Top Ten Reasons to vote #oklaed in the Primary Elections
Two years ago, I made a list of the top 20 reasons to vote for anybody else other than Janet Barresi for state superintendent. At the end of the list, I also had a sizeable honorable mention list. With nine days until the primaries this year, I’m starting a top 10 list of reasons to vote for pro-public education candidates. We can’t sit this one out. Too much is riding on this.
- One person can’t fix bad education policy alone.
It wasn’t so long ago that teachers and friends of teachers banded together and let the world know that we were fed up. In 2014, we had been insulted too many times by the person who was supposed to be leading us. The sitting state superintendent had told us that she’d “be damned” if she’d let another generation of children be lost. She called schools failures. She sidled up to Jeb Bush and his merry band of corporate education reformers. She didn’t give teachers the time of day.
In 2014, #oklaed led the movement that fought to override Governor Fallin’s veto of HB 2625 and allow parents to have a voice in the decision to promote third graders to fourth grade. The very next month we really made some noise.
When Joy Hofmeister won the Republican primary for State Superintendent of Public Instruction on June 24, 2014, and incumbent Janet Barresi came in third, we clinked our glasses together, exchanged fist bumps, and exhaled. Rob Miller even did a little dance.
Maybe we exhaled a little too soon. Other than Aaron Stiles in House District 45, no incumbent lost a race in 2014. Even more critical was the fact that Fallin won re-election over Joe Dorman (something that would be much less likely right now). In other words, for all the things that we eventually elected Joy Hofmeister to do, she had the same governor and essentially the same set of legislators who had enacted A-F Report Cards, third-grade retention, and value-added measurement.
We now approach this year’s primary elections. The good news is that the power of #oklaed has grown. The problem is that instead of focusing all of that energy on one race, we are focused on many. With over 100 contested legislative races this time around (not all in the primary), the best most of us can do is cherry-pick a handful of races in which it is critical to protect the seat or flip the seat.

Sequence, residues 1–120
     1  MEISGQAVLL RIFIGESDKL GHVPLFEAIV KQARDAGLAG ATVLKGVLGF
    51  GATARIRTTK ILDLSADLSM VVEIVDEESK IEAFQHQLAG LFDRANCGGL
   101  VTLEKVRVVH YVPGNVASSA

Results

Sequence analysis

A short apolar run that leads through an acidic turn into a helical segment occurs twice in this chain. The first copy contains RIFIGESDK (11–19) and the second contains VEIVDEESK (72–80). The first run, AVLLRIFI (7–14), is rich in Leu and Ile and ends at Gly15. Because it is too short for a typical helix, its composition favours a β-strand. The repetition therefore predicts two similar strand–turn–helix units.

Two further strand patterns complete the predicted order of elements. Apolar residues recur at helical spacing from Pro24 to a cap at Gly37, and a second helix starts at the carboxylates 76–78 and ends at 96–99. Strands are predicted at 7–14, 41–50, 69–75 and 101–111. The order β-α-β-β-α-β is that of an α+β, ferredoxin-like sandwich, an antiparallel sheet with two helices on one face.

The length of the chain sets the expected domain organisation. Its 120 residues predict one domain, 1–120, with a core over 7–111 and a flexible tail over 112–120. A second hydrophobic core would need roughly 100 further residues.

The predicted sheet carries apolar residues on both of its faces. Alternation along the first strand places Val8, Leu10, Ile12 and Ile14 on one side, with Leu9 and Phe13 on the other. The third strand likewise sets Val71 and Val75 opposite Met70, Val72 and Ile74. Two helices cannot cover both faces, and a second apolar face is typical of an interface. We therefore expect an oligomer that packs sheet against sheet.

Also, we can’t exactly sneak up on anyone this time around. We’re loud and proud. The Oklahoman has attacked us. So has one of the tentacles associated with the Oklahoma Council of Public Affairs. We’re kind of a big deal. People know who we are.
Superintendent Hofmeister continues to support us. She helped promote an end to End-of-Instruction testing and the failure of Achieving Classroom Excellence (ACE). She worked with legislatures to take value added measurements (VAM) out of teacher evaluation. We’re in for a clumsy transition, partly because of federal requirements still, but you have to acknowledge that we are seeing the early stages of the dismantling of high-stakes testing.
Hofmeister campaigned on these principals. Honestly, all six of Barresi’s challengers did. The Legislature has begun to reverse bad policy, but only to a point. Whatever you see the next point being – mine would be ending the third-grade retention law – we need to get the state superintendent and her department some help.
And for the record, I’m not saying that #oklaed activism was the sole reason that Barresi was sent home after one term. It took a rock star candidate to beat her in the primary. We supported the candidate, and it seems to have helped. We have many now who need our support. They need us making calls and knocking on doors for them. Give a day. Give half a day.
This is how we fix #oklaed – by supporting candidates who will support us. The time is now.